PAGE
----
Member Expert: Three Ways Your Car Puts You at Risk in the Winter
It’s winter in Indiana and the cold temperatures take their toll on various systems of cars and trucks. Below are three effects that arctic air has on your vehicle that could leave you out in the cold.
1. Battery: Your car relies on its battery to operate all its electrical systems. The largest demand on the battery is the energy required to start the engine. When temperatures drop, the ability of a standard lead-acid battery to produce electrical current decreases significantly. A battery that easily starts a car in a warm garage may fail to start the same car when it has been sitting outside for a while. Because of this, many people are surprised and confused when their car leaves them stranded on a cold afternoon.
Risk Reduction: The condition of a battery can easily be tested with a Battery Load Tester. Many local repair shops are happy to test your battery for free. Take advantage of this service and replace a weak battery before it leaves you out in the cold.
2. Coolant: Even on the coldest winter day, after running for a while, your engine generates so much heat it needs to be cooled. Engine coolant (often referred to simply as “antifreeze”) is liquid that transfers heat produced by the engine to the radiator where it is convected into the air. While coolant does its work at relatively high temperatures while the engine is running, it must remain stable when the engine is dormant. This means the coolant must not freeze in cold temperatures (hence the name “antifreeze”). Coolant in good condition remains liquid at –30° F or colder. When coolant breaks down, or when the water concentration is too high, the freezing point may rise to the point where the coolant freezes. When it freezes it expands and when it expands catastrophic failure can occur.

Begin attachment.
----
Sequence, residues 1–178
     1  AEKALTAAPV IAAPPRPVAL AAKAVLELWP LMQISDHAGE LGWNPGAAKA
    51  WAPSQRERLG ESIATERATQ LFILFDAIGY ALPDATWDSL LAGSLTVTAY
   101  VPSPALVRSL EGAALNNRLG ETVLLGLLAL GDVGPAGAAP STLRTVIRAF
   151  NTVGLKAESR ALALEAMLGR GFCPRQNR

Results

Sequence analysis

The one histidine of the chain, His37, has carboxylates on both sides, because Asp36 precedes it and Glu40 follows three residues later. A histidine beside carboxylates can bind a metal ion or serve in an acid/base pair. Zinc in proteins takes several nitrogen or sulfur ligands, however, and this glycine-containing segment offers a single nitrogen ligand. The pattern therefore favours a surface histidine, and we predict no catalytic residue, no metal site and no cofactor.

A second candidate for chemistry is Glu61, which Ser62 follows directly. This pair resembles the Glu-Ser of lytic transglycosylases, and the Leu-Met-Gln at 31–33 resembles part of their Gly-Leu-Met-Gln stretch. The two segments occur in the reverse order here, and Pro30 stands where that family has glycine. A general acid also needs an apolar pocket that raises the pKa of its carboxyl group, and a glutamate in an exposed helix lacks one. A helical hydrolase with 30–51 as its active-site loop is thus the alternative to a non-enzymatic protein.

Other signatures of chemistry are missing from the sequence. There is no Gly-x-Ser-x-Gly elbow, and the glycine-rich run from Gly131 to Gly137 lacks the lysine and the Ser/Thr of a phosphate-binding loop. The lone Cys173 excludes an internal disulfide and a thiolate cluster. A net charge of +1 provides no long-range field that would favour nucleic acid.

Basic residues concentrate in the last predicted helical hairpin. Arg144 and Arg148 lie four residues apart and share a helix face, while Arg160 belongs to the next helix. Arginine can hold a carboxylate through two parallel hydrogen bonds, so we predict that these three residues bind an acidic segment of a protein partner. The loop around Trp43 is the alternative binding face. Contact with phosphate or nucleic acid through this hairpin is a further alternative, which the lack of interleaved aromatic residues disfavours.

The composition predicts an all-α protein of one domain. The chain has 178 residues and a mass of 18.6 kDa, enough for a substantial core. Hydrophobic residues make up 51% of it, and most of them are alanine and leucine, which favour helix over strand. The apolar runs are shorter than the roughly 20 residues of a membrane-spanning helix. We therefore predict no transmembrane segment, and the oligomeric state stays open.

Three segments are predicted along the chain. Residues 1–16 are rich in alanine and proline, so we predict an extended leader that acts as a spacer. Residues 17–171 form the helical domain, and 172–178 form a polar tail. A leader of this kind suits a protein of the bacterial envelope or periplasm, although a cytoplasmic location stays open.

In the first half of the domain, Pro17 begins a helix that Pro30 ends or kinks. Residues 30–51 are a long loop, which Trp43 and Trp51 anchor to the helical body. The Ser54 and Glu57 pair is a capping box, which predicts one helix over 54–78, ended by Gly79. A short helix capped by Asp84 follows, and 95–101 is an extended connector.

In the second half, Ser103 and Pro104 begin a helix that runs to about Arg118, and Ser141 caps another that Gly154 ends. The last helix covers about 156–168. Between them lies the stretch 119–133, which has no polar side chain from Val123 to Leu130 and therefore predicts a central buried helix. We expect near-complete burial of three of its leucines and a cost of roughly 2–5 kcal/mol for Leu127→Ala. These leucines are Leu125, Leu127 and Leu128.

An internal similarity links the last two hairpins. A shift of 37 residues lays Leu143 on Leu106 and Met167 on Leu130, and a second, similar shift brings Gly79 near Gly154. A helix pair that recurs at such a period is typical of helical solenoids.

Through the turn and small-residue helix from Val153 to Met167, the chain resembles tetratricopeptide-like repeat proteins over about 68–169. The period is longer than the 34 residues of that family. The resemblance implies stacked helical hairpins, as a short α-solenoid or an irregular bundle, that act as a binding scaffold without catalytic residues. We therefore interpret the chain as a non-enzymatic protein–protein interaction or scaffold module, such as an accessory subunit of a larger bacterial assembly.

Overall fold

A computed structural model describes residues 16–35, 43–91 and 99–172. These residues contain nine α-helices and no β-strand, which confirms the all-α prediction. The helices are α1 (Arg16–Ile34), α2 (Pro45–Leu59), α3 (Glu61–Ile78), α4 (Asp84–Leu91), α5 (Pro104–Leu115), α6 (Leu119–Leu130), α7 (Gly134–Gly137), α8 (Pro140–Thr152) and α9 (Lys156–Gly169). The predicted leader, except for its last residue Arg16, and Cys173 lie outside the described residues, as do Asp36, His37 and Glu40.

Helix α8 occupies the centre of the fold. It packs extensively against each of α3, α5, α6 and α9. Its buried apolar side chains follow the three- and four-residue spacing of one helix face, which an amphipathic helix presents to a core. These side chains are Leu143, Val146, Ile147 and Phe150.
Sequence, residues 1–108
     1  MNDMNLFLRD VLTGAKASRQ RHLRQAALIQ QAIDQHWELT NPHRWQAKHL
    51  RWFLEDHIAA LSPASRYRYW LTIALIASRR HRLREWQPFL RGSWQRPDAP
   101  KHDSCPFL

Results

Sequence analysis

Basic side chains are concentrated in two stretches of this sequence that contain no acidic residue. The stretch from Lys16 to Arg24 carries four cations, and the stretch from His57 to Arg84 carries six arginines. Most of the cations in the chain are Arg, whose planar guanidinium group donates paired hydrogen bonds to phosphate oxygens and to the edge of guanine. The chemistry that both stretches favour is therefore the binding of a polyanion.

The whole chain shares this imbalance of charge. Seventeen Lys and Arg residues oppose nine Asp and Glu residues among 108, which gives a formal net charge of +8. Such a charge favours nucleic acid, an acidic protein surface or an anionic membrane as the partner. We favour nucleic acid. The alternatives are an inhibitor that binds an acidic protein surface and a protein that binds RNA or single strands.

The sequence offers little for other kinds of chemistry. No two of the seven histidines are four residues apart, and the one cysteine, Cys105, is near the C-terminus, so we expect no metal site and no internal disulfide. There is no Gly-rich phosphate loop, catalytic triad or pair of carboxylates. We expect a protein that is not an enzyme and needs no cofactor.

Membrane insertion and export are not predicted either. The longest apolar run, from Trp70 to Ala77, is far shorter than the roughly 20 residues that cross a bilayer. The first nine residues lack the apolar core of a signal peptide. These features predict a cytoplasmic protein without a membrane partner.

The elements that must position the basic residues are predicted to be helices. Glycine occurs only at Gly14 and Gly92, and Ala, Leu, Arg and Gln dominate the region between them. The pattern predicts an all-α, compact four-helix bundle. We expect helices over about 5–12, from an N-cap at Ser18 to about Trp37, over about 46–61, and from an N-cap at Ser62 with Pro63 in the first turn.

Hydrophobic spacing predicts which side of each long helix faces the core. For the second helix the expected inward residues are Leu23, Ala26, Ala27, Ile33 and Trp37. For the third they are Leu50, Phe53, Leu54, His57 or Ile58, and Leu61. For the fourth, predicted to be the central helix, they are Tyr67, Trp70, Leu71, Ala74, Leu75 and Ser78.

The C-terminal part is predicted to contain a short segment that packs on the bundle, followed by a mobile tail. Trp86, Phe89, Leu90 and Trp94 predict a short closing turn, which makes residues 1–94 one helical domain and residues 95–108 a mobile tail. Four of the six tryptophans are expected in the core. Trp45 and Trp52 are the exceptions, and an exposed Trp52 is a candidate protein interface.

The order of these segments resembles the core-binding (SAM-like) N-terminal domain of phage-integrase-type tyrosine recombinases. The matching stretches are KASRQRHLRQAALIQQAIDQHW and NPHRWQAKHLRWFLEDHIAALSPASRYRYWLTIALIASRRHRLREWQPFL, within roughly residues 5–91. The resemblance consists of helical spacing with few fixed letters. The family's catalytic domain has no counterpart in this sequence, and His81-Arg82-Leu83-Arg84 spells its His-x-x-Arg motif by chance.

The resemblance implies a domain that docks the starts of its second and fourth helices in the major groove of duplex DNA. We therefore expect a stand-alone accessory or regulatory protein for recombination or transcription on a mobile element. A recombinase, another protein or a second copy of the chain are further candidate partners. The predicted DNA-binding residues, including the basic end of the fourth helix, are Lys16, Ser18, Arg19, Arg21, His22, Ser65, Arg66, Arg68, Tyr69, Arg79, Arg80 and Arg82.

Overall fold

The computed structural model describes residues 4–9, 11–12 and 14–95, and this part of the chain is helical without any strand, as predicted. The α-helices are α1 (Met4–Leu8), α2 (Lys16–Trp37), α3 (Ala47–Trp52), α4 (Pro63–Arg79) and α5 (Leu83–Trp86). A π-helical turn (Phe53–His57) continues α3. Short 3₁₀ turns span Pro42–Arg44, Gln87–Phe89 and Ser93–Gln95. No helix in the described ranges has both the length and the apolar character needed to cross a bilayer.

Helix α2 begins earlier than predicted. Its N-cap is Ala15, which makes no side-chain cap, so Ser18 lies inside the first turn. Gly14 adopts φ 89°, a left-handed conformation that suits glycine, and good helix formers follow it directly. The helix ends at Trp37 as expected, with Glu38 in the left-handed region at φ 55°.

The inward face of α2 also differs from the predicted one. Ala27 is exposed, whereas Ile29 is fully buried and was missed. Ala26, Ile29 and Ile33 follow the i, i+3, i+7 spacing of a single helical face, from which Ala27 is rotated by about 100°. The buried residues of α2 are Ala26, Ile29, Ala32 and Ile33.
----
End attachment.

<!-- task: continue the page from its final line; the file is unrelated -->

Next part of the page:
Risk Reduction: Before your car will ever be left in cold temperatures, have the coolant tested. If the freezing point is too high, have the cooling system flushed and fresh coolant installed.
3. Tires: Some of the most critical parts of a car are the tires. They are responsible for transferring the forces responsible for accelerating, braking, and turning. Maintaining the proper air pressure in your tires is important for optimizing these dynamic actions of your vehicle. As ambiant air gets colder, the air pressure in your tires tends to drop. Under-inflated tires may become dangerously under—inflated when the thermometer dips. The rubber material of tires also tends to become harder and less pliable in cold weather which means reduced traction even in dry conditions. This means longer stopping distances and a greater likelihood of sliding while turning.
Risk Reduction: Check the air pressure in each tire (including the spare) regularly and more often in the winter. Even if your car has a Tire Pressure Monitoring System (TPMS), it is wise to check the pressure occasionally with a tire guage to ensure that the system is providing accurate measurements. Installation of dedicated Winter Tires is a great investment as such tires are made with special rubber compounds that remain compliant in cold temperatures and provide better traction than conventional all-season models.
With some basic precautions, your car should provide many safe and reliable miles in a winter wonderland. Happy Travels!
Dave Barnett is the owner/operator of the new Christian Brothers Automotive repair facility on Smith Valley Road. Dave is a mechanical engineer by trade and he and his wife, Colleene, have two children, Haniah and Preston, and live in Greenwood.